A crime occurred toward the end of my stay at the clinic Zelená Hora: Daniel Cohen’s manuscript was stolen. In an age when it seems like even God can’t wipe our fingerprints from any surface we touch, when evidence of our activities lingers forever, it is absurd to think of an entire manuscript—the product of years of work—gone without a trace. Add to this the fact that this manuscript was the follow-up to Cohen’s magnificent novel Stuck and we are left even more unsettled, perplexed. At first, it appeared that the manuscript was the casualty of a lovers’ quarrel, but that would prove too convenient, too simplistic to hold out against the steady trickle of evidence I encountered in my attempt to retrieve it, an attempt that was in some ways traced, in others mirrored, by Cohen’s own journey toward the truth. It’s tempting at this early point to say that this lecture is about the particular phenomenon of un-retrieved literature, which differs fundamentally from literature that has been destroyed on purpose, by accident, or merely left to decay. No! This is about that which is still out there, that which is between the lines of life.
It’s true that I’d just received word about the PEN Translation Prize, which provoked in me a sort of dialectical reaction of both a massive, voluptuous pride and a rather inexplicable sense of shame and depression, the latter far and away overshadowing the former. I say this not because it makes sense of anything or explains even a single sub-phenomenon within the greater or bigger phenomenon, but because it gives the thing a certain thrust, a velocity, or maybe to speak more visually, a shade or tint to the composition. In a strange twist of fate, it happened that the heady moment of the PEN announcement coincided with a couple of other events. The first was that my translation of the first novel I’d ever done, Anton Grassfeld’s Trending Toward Zero, was acquired and re-released in a large print-run by Penguin. This provided me with a handsome windfall—I won’t bore you with the financial details but will only point out that the sum far exceeds the total contract extended to me by the dean. The release of the Penguin version and the seemingly universal assessment that Grassfeld was the next Günter Grass or W.G. Sebald related to the second event: my receiving in the mail the day before I was set to leave the clinic a copy of Grassfeld’s second novel Ein Mädchen am Strand (A Girl on the Beach) which Penguin wanted to put out as soon as possible. In the span of twenty-four hours, one book had vanished and another appeared. Dr. Hruška, in what would be our final session, chided me, telling me that “of course” it wouldn’t do for me to have one thing happen without the other. Thesis, he said, always required me to produce an antithesis.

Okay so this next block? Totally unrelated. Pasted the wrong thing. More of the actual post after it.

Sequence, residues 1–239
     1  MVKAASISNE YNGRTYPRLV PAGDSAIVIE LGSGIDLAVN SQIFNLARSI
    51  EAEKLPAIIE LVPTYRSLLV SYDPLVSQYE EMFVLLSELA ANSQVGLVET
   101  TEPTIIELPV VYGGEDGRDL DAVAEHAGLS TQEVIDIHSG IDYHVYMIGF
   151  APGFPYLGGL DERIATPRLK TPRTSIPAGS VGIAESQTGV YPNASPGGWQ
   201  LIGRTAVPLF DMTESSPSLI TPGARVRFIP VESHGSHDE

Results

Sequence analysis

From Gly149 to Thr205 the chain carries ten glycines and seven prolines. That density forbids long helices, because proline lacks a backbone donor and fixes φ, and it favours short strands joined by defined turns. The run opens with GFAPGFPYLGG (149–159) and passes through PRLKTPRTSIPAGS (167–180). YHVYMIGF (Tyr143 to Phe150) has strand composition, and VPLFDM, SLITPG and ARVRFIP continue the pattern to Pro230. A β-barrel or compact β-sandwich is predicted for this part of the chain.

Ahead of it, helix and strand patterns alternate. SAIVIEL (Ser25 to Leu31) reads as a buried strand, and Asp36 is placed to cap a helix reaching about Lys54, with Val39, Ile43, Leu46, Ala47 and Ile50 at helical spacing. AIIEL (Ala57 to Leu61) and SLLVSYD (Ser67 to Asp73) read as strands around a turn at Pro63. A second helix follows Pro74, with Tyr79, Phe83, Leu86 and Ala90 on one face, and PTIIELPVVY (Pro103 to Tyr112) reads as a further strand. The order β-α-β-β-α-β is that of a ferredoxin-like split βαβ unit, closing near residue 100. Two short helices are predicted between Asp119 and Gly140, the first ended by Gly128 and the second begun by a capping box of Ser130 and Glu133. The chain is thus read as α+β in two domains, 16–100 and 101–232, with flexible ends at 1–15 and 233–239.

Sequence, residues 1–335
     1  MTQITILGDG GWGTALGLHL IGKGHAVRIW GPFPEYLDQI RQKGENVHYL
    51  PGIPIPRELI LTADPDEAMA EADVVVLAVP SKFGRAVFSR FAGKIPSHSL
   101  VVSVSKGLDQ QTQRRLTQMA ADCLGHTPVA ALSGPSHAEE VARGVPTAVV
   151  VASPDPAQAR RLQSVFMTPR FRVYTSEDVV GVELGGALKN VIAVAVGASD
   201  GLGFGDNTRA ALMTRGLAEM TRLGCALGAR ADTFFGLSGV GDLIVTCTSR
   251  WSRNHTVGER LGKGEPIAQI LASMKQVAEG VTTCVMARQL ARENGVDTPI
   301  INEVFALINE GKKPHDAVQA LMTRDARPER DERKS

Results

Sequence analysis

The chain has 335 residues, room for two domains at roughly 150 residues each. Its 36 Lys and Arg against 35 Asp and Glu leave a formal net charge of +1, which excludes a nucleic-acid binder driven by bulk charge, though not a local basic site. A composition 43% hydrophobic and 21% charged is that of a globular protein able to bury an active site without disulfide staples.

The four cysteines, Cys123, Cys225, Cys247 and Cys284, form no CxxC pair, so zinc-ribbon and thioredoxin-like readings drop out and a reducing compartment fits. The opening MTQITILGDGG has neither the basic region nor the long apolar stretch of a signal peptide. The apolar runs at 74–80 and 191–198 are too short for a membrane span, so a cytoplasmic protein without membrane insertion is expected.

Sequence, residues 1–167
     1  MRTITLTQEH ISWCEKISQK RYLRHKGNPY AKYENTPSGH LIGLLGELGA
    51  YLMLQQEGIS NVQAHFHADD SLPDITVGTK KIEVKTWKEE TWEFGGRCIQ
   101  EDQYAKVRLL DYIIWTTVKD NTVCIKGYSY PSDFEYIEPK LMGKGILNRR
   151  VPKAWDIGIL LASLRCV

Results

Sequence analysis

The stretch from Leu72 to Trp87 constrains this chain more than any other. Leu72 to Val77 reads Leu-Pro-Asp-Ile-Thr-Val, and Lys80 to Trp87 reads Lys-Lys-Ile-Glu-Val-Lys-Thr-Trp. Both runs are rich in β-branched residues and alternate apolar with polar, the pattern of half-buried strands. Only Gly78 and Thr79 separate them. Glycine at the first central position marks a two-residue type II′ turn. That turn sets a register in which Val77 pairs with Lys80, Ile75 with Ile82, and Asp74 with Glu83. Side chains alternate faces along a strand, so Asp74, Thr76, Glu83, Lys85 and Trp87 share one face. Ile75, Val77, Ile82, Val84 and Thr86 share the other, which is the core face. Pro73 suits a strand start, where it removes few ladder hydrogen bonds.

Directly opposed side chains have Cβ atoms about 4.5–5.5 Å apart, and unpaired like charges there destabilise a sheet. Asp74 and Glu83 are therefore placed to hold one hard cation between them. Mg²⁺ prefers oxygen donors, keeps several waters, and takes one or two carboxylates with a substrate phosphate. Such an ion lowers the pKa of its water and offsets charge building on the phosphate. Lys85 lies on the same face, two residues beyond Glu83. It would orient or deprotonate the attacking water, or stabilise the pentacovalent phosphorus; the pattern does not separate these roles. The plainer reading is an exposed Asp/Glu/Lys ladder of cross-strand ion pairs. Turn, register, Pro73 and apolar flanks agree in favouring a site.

What would you expect from an introduction to literature course except books flying this way and that? One appearing, one vanishing, and despite the undeniable materiality of its existence Cohen’s book would have remained an airy nothingness had not Malvina vanished with it.